Agents ‘trick’ nurses into signing bonds

By Michelle Robinson – stuff.co.nz
Filipino nurses are being lured to New Zealand only to end up bonded in caregiving roles at rest homes, the national nurses’ organisation says.

More than a quarter of the 46,000 nurses represented by the New Zealand Nurses Organisation were trained overseas, with Filipinos the largest ethnic group.

But a number had arrived under false pretences, researcher Dr Leonie Walker said.

“Some employers know they’re getting people with three or four years of training, but they’re paying them as caregivers. It’s largely the aged-care sector, which is a problem. There aren’t the ratios of nurses and registered caregivers that we’d like,” Walker said.

Some staff were given cultural and dementia care training, and were then bonded into two-year contracts to repay their training costs. Walker said it was little better than people trafficking.

“If your definition of trafficking is being tricked into believing you will find work as a nurse, being forced to sign a form on the tarmac and being bonded for up to two years, then yes, some were.”

Walker said the nurses organisation worked to get its members out of bonded contracts and into other jobs they were qualified for.

Tales of exploitation among the Filipino community were rife, a spokeswoman from settlement support organisation Migrante said. Mely Seria said she heard many stories of immigration agencies promising nurses in the Philippines jobs, and charging exorbitant sums as agency fees.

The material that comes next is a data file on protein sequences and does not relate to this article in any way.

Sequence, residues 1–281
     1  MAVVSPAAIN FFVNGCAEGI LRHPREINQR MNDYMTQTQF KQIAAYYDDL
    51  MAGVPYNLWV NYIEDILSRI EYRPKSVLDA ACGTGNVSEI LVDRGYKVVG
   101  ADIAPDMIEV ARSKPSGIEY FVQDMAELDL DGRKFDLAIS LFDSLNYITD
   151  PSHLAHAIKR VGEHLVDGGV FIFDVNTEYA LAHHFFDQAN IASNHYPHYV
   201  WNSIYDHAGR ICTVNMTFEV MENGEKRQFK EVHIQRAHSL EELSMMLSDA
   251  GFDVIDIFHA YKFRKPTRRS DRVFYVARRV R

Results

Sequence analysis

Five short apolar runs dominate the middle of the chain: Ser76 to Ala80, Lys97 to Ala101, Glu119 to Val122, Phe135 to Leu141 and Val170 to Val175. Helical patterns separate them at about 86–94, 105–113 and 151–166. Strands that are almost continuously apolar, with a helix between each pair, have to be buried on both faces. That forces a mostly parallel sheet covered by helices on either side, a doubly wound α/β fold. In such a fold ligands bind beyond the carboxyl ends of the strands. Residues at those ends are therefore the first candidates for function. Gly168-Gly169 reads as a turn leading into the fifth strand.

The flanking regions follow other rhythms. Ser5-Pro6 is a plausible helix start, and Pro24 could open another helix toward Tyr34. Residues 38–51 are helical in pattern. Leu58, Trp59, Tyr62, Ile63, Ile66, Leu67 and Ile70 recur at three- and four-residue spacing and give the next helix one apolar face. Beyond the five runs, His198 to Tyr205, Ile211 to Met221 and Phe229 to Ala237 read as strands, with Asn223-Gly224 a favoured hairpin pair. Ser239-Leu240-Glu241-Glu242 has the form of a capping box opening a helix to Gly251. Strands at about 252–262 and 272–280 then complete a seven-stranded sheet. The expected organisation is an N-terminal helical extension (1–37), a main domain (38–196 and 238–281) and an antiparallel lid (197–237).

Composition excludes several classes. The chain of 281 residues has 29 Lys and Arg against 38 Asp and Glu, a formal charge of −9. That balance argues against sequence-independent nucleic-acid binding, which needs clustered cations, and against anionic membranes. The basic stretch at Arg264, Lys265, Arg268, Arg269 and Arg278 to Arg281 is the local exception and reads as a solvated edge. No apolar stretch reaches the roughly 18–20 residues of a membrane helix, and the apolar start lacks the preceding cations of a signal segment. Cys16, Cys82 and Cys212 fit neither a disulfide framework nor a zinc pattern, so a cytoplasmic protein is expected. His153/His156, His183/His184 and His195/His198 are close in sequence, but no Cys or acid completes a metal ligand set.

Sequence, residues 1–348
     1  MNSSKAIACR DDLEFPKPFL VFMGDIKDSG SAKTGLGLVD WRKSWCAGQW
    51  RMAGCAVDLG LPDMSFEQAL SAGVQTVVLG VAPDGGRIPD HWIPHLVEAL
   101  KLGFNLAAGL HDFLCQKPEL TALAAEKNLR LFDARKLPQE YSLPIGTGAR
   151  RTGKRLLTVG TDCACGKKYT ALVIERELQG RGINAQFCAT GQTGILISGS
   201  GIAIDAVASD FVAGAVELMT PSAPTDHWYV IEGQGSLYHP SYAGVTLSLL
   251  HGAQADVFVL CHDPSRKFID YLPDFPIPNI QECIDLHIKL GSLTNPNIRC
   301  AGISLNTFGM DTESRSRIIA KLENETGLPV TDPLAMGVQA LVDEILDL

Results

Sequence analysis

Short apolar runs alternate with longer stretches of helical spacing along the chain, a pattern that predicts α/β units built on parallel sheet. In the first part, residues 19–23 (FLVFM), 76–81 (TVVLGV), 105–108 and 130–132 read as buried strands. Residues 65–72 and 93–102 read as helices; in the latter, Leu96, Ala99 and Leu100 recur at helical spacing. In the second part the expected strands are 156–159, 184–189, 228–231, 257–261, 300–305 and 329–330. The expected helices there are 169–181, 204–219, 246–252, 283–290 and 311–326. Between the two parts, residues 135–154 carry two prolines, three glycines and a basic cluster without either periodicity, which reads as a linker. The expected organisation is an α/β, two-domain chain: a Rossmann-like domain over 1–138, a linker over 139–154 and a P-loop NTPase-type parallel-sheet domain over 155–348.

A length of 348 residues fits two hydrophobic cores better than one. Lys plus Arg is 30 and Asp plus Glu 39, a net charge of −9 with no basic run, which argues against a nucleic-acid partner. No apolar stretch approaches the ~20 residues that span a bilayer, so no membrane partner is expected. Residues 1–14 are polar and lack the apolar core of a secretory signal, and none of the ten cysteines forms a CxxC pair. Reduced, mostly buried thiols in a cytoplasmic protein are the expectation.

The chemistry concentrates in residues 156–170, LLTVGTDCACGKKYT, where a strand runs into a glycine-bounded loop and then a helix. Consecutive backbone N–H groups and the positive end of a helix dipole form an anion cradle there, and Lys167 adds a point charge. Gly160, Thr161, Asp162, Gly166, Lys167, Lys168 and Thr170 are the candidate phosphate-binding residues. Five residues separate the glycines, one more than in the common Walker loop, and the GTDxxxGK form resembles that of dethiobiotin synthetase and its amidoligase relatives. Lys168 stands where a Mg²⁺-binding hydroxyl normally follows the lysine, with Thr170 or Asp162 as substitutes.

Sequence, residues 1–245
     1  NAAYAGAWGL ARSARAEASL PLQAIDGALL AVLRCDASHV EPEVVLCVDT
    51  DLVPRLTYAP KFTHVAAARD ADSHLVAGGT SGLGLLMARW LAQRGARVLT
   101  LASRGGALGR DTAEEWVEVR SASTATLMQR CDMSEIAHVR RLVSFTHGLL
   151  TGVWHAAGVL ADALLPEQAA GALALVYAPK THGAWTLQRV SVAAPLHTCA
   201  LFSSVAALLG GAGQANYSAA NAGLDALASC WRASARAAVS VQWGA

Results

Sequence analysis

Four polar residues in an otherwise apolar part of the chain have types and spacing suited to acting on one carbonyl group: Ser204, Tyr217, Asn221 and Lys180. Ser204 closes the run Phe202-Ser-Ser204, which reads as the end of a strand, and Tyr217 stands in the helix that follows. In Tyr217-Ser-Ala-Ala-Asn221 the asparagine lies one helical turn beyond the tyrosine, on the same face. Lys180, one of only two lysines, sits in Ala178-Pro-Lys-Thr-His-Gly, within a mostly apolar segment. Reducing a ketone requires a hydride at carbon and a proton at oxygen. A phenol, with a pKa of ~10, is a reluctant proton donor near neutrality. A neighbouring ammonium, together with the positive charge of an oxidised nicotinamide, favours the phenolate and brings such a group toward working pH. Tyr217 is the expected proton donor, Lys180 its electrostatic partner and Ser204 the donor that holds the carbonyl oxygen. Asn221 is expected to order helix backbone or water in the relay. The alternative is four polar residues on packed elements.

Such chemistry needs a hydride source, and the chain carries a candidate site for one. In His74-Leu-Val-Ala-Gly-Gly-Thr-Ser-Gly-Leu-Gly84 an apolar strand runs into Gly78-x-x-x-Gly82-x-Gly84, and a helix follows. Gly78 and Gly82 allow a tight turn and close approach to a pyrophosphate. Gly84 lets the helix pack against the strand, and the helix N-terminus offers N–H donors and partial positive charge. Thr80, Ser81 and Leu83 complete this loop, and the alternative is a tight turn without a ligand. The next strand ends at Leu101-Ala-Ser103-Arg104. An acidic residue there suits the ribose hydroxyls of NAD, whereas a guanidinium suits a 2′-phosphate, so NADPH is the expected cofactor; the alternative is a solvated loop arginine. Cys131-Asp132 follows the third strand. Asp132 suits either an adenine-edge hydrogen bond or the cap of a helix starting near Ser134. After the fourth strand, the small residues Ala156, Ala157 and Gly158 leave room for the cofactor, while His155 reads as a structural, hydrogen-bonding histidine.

One nurse helped by Migrante to find work found herself living in deplorable circumstances after arriving in New Zealand last month. The nurse, who did not want to be named, told the Sunday Star-Times she spent most of her savings on agency fees and a flat, which she shared with four others, after not being able to find work.

She spent $10,000 applying for a student visa through a New Zealand company so she could study nurse management, and take an English language course.

But she was later told to take a business course instead, so she would have a better chance of finding work and enabling her husband and son to enter the country.

She said she was also told she would be helped to find work, but ended up doing it on her own. She paid $100 and was put up in accommodation in a central Auckland apartment shared with four others. The group was moved around to various rooms.

“I don’t have my own bed, I sleep with my friends in the living room on the floor. I’ve been using my pocket money from home, now it’s almost gone.” She is set to start a 20-hour week at an Auckland hospital, so she can pay for her studies and accommodation.

FULL STORY

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